Sleep is the Weight on your Shoulders
E = mc2
Anyone who knows anything will be able to rattle off Albert Einstein’s world-famous equation. But what most people fail to realise is that it’s actually a shortened version of a much longer equation. In its full form, the formula stands at:
E2 = (mc2)2 + (pc)2
I wish I knew enough maths and physics to explain its significance (alas, I graduated university with a humanities degree), but the point I’m trying to make is that even the most famous and popular statements are only remembered in their simplest formats. In a similar fashion, anyone who has stepped foot in a gym before will tell you that:
Weight Loss = Calories In < Calories Out
But what if we told you that the reality is a little bit more complex than “eat less and move more”? What if the reality was:
Weight Loss = (Calories In < Calories Out) + Good Sleep
It seems that most gym-goers tend to forget (or are wholly unaware of) the sleep factor and its importance in the journey of weight loss. But there’s good news for all the duvet dwellers! It turns out that those who sleep for less than seven hours a night are at risk of doing more damage than good to their weight loss plans.
In a study conducted by Withings, which surveyed 18,000 adults from all over the world, it was deduced that those who slept for an average of seven hours per night achieved 25% more weight loss than those who slept five or less hours. The sleep-deprived individuals were, on average, six pounds heavier than their well-rested counterparts.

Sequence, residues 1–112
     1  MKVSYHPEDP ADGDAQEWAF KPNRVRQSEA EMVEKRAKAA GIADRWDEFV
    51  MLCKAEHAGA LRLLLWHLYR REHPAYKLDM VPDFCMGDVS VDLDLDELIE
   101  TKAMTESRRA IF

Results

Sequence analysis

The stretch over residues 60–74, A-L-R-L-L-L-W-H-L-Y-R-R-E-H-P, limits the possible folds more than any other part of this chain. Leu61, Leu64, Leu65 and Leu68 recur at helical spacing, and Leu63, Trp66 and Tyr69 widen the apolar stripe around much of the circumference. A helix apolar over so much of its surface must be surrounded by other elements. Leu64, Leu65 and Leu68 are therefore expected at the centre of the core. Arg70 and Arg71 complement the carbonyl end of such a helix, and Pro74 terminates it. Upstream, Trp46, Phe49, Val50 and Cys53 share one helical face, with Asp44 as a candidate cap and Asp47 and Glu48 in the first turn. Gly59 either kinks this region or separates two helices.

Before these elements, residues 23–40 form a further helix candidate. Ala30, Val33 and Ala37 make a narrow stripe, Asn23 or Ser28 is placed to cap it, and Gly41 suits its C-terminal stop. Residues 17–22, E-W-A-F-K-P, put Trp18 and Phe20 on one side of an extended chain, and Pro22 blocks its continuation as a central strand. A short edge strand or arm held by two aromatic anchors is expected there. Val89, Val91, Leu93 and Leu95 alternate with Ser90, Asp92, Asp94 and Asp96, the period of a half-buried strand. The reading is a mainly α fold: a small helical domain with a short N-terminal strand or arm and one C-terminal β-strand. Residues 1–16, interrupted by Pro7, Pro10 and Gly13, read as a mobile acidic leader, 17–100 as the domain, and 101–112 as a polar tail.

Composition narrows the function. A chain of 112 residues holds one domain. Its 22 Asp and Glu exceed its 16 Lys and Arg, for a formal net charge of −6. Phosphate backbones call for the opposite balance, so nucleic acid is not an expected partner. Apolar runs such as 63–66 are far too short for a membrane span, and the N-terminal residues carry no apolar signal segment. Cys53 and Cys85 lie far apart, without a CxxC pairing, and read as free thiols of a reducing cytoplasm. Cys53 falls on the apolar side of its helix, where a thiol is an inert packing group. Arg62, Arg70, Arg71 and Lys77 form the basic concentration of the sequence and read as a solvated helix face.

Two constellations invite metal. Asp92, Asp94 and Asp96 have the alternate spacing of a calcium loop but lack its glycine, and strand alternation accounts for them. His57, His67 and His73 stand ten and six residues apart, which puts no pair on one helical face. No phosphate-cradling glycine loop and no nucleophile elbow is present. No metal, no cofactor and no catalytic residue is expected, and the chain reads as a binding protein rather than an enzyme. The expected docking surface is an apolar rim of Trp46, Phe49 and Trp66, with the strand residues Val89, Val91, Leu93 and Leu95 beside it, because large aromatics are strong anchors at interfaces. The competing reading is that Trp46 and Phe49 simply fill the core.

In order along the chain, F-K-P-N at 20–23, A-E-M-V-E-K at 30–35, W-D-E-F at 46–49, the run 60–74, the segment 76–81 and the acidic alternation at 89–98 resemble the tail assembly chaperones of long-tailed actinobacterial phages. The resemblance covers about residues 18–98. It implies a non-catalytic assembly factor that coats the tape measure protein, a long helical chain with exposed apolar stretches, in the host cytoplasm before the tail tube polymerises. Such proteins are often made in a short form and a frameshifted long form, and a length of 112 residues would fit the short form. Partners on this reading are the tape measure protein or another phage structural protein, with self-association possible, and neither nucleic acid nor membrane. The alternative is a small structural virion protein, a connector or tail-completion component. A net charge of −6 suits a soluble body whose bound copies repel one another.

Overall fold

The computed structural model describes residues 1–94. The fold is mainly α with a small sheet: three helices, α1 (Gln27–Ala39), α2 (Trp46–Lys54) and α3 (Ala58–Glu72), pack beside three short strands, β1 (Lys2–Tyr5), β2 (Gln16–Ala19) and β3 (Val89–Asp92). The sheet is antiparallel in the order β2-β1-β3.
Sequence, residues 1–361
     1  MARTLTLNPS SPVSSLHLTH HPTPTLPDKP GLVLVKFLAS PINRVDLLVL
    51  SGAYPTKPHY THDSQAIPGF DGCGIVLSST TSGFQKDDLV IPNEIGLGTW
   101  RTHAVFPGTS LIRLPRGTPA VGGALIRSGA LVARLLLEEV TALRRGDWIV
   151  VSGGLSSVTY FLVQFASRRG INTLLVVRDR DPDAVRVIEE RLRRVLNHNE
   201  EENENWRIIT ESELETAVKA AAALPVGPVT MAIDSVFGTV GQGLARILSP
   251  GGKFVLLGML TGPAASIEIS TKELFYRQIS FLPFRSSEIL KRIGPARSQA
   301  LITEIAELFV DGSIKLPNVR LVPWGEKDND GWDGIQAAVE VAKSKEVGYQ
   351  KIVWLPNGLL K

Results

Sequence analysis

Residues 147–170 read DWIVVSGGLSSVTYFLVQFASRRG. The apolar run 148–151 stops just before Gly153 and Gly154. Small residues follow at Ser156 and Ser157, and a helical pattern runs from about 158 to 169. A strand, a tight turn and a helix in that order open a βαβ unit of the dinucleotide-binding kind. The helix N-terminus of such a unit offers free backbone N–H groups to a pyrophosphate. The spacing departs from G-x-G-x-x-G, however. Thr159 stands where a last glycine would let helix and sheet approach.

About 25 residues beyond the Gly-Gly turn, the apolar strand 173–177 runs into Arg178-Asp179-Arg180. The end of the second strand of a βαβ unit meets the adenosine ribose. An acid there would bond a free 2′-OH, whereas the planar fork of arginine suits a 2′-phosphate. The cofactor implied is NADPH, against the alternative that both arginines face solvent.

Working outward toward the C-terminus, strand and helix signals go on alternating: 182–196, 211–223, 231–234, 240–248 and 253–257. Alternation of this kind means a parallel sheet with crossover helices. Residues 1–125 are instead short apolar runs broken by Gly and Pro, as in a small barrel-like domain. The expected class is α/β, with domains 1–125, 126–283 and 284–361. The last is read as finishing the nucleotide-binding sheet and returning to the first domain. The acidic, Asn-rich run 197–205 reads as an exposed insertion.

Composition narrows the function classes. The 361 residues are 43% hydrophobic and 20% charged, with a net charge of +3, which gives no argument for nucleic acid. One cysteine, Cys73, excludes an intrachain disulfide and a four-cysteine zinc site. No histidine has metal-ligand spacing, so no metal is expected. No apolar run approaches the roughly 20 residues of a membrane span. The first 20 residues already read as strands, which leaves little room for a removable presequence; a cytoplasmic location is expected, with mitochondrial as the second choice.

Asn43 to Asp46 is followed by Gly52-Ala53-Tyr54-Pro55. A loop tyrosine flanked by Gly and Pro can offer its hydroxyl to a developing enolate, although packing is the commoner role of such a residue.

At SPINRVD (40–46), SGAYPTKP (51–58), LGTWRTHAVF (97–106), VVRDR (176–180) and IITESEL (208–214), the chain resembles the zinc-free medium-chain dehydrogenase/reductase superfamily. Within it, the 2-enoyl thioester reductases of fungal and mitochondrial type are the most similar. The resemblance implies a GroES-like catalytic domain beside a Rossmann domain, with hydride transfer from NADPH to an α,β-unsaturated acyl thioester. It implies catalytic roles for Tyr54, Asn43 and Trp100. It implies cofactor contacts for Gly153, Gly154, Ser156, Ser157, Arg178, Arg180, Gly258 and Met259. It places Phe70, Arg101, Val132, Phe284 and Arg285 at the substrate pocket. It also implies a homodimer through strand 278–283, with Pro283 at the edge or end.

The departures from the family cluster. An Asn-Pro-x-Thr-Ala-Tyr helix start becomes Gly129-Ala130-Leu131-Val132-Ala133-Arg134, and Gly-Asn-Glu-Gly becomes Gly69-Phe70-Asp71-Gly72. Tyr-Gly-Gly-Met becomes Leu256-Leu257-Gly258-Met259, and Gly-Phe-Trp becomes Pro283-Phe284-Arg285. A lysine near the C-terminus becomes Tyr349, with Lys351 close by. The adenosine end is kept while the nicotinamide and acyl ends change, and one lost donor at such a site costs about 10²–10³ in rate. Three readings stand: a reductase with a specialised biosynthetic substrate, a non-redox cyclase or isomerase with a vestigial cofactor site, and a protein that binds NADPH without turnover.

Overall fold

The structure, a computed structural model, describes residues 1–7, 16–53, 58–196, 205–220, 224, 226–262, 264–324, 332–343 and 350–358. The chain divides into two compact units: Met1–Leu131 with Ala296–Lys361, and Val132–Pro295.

Those who think they can work off their sleep deprivation during the weekends: think again! The study further showed a strong correlation between weight loss and regular sleeping habits; those who managed to maintain regular sleep schedules (even on Saturdays and Sundays) logged 1kg weight loss over the course of a year, in comparison to 0.6kg lost by those with erratic sleeping patterns. Overweight individuals, who slept at least an hour more on the weekends, were definite victims of this phenomenon.
And as the saying goes, the early bird certainly catches the worm, with the worm being successful weight loss in this case. Data revealed that three times more weight was lost by those who rose at the crack of dawn (before 7am), whilst 45% less weight was lost by night owls who routinely slept after 3am.
Essentially, it comes down to the fact that sleep is an integral factor in the arduous journey towards weight loss and healthy weight maintenance, as valuable and important as eating correctly and exercising regularly. If you’re training hard and eating right but still not seeing results, perhaps it’s time to re-evaluate your sleeping habits, and factor it into the weight loss equation. Lest we forget, much like the extra components in Einstein’s epic equation.
Eat. Sleep. Exercise. Repeat.